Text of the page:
“People often think, ‘Oh, it’s easier for you because you’re a doctor—all you have to do is put your patients on it.’ But I have never put a single patient on my products; in fact, when I meet someone I consider a prospect, I never tell them I’m a doctor. It’s just not duplicable.”

Still working full-time as an ER doc, Daria would receive a check for her hospital work once a month, and another check from her networking company. About two and a half years later—”specifically, in month #29”—her networking check was bigger than her doctor’s check.

“Here I was, 47 years old, and I had just bought for myself freedom of choice.”

For the next three years, Daria cut her medical practice back to four days a month. For the following three years, she backed it down to one day a month. In June of 2003, she quit her medical practice entirely. She was a full-time networker.

Secrets from the ER Room

Daria points out that in emergency medicine, time does matter.

“When you have a dying patient on your hands, you’re so busy trying to save their life, you can’t do anything but take care of the problem. But afterward, when things calm down, I would always ask myself, ‘Okay, how do I feel about that? Do I feel really good, really bad, pretty good or pretty bad?’

“This is not about whether the patient lived or died, it’s about how I performed. And which ever answer would pop into my mind, I’d say, ‘Okay, why did I pick that?’

“Why did I feel pretty good? Maybe it was because I called for an EKG and they were there within a minute, or the suction machine was where it was supposed to be. Whatever it was, I need to know, so I can make sure I duplicate that next time, or if there was a problem, so that I can avoid it next time for the benefit of the next patient coming through.”

When she started her network business, she says, she didn’t know what she was doing and was scared of all of it—so she decided to use her ER approach to self-evaluation.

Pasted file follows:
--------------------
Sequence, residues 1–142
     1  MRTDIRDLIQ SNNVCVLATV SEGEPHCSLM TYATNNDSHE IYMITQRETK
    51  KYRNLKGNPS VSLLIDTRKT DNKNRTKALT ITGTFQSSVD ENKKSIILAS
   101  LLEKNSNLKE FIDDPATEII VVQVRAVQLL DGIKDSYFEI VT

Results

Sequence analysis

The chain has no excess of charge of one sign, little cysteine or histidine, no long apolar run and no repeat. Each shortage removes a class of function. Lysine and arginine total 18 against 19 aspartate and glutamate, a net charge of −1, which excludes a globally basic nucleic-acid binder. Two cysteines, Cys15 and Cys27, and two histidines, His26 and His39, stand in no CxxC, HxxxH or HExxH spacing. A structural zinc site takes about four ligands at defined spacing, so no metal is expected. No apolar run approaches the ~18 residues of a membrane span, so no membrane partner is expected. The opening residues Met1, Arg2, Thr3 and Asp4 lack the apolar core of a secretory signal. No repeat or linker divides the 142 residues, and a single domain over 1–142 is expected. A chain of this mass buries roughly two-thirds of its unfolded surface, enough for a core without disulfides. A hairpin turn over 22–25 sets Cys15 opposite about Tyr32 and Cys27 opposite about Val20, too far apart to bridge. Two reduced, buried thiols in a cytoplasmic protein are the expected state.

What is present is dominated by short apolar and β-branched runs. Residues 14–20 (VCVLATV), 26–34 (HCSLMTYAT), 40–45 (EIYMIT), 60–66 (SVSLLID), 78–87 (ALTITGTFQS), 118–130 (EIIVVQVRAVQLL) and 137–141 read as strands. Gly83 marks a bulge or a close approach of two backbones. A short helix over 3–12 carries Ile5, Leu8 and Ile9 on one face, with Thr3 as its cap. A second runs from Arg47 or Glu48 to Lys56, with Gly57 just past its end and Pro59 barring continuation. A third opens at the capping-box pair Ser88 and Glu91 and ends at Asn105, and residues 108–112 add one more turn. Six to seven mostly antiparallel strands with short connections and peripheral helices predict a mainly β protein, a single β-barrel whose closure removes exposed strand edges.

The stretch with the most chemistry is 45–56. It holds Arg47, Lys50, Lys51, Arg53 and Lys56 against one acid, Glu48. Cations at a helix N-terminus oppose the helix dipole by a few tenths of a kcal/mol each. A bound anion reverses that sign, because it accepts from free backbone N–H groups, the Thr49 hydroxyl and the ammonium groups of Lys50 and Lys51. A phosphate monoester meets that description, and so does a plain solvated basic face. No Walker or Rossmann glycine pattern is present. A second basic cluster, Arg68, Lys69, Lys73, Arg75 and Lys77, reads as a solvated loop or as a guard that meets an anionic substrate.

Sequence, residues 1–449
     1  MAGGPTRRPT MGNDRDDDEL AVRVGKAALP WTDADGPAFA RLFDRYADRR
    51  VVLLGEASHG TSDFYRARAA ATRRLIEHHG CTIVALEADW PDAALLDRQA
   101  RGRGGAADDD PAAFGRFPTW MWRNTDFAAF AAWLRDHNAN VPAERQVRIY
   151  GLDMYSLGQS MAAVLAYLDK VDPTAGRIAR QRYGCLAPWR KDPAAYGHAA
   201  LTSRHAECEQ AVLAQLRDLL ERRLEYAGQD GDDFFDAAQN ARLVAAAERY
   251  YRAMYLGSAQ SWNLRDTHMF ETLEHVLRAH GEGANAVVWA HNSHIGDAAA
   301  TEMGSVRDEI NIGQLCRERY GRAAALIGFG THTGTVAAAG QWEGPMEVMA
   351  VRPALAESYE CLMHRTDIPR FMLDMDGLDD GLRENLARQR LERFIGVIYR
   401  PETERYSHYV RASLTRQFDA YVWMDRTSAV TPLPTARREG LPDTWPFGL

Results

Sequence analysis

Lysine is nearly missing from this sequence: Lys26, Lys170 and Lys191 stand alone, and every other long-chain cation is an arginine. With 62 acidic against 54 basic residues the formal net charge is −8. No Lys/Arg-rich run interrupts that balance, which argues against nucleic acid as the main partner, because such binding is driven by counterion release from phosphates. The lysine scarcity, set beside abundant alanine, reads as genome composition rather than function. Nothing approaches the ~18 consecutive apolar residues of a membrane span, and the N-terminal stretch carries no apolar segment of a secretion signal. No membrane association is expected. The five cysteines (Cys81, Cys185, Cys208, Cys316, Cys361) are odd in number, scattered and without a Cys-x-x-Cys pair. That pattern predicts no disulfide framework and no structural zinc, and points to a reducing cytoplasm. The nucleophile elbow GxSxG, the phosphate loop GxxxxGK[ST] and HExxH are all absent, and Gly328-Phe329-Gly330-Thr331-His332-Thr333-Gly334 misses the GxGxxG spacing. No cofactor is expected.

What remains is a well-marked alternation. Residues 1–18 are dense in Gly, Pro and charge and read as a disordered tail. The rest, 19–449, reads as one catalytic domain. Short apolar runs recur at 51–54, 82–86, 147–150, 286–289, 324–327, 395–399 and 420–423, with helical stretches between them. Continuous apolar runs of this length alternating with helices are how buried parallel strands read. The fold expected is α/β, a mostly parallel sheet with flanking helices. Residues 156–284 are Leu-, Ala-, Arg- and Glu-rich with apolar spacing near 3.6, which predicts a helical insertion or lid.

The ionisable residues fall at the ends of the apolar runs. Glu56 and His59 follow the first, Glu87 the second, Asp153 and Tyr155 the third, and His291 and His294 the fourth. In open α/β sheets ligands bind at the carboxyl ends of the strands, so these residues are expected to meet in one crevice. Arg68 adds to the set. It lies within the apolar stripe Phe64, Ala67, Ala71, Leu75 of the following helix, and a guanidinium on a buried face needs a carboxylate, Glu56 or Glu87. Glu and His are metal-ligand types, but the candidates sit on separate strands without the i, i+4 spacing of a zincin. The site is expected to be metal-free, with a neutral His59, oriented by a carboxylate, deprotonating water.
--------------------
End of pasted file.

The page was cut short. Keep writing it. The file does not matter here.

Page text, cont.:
“Every time I made an approach, I would first pat myself on the back and say, ‘Hey, good job, Daria, you made an approach!’—and with the next breath I would say, ‘Now how do I feel about that? Really good, really bad, pretty good or pretty bad?’ ”

And Daria points that in this exercise, “Okay” is not an option.

“You can’t grow on ‘okay.’ You’ve got to choose! Commit to one side or the other.

“So let’s say I say ‘pretty bad’—why did I say that? Because I sounded too mechanical, like I was reading from a script? Or because I could tell they were getting tense and I was making them uncomfortable? Or if it’s ‘I felt really good!’—then why, exactly?”

Daria practiced this routine rigorously with every single approach she did, and over the years, she came to feel as confident in the context of networking as she had in the emergency room.

Doctor of Networking

Meanwhile, the company Daria was with went through multiple changes in ownership, and issues arose that concerned her. She soon found herself wondering whether to just withdraw from all activity and treat her check as a passive residual, or actually leave the company and look elsewhere. In May of 2004, she made the decision to do it all over again.

Just as she had drawn up that “Plan B” list ten years earlier, she now drew up a list of criteria for what she was looking for in a network marketing company. In March, 2005, she resigned from her other company and, after examining about 25 companies, staked her claim in another company and started building afresh—and before long, she was back with a massive organization, working with people and asking herself, “How did I feel about that?”

And she has to admit: more and more these days, her answer is, “Really good!”


First, Do No Harm

My first board-certification was in Emergency Medicine. Years later, after really coming to understand the tremendous benefits of nutritionals and nutraceuticals, I have also now become board-certified in Holistic Medicine.

As a holistic doctor, I’ve realized that in a genuinely holistic practice, it’s not just about the patient, but about the practitioner, too. If I do something to harm myself while I’m helping you, then I have dishonored the process.

And this is also true of our networking businesses.

This business is full of kind, compassionate people of high integrity. Most of us will do everything we can to help other people—but too often, we are too willing to do injury to ourselves in the process. We accumulate a garage full of stuff that we’re never going to sell, or we have our wife mad at us because, “He’s spending every waking minute on that thing,” and we have nothing to show for it. We give away products instead of selling them, because we’re afraid they’re too expensive. But we’re supposed to be creating a volunteer army here—not the Salvation Army!

All too often, these same people keep running into a brick wall when it comes to reaching their own goals—because they don’t have a healthy relationship with money that allows them to see themselves as being successful.

So I came up with a mantra for this business:
Our job is to help as many people as we can without hurting ourselves.

It’s something like taking the Hippocratic Oath—”First, do no harm”—and applying it to oneself. Following and teaching that guideline allows me to work with all the good-hearted people who love to help others—and make sure they learn not to hurt themselves in the process. — D.D.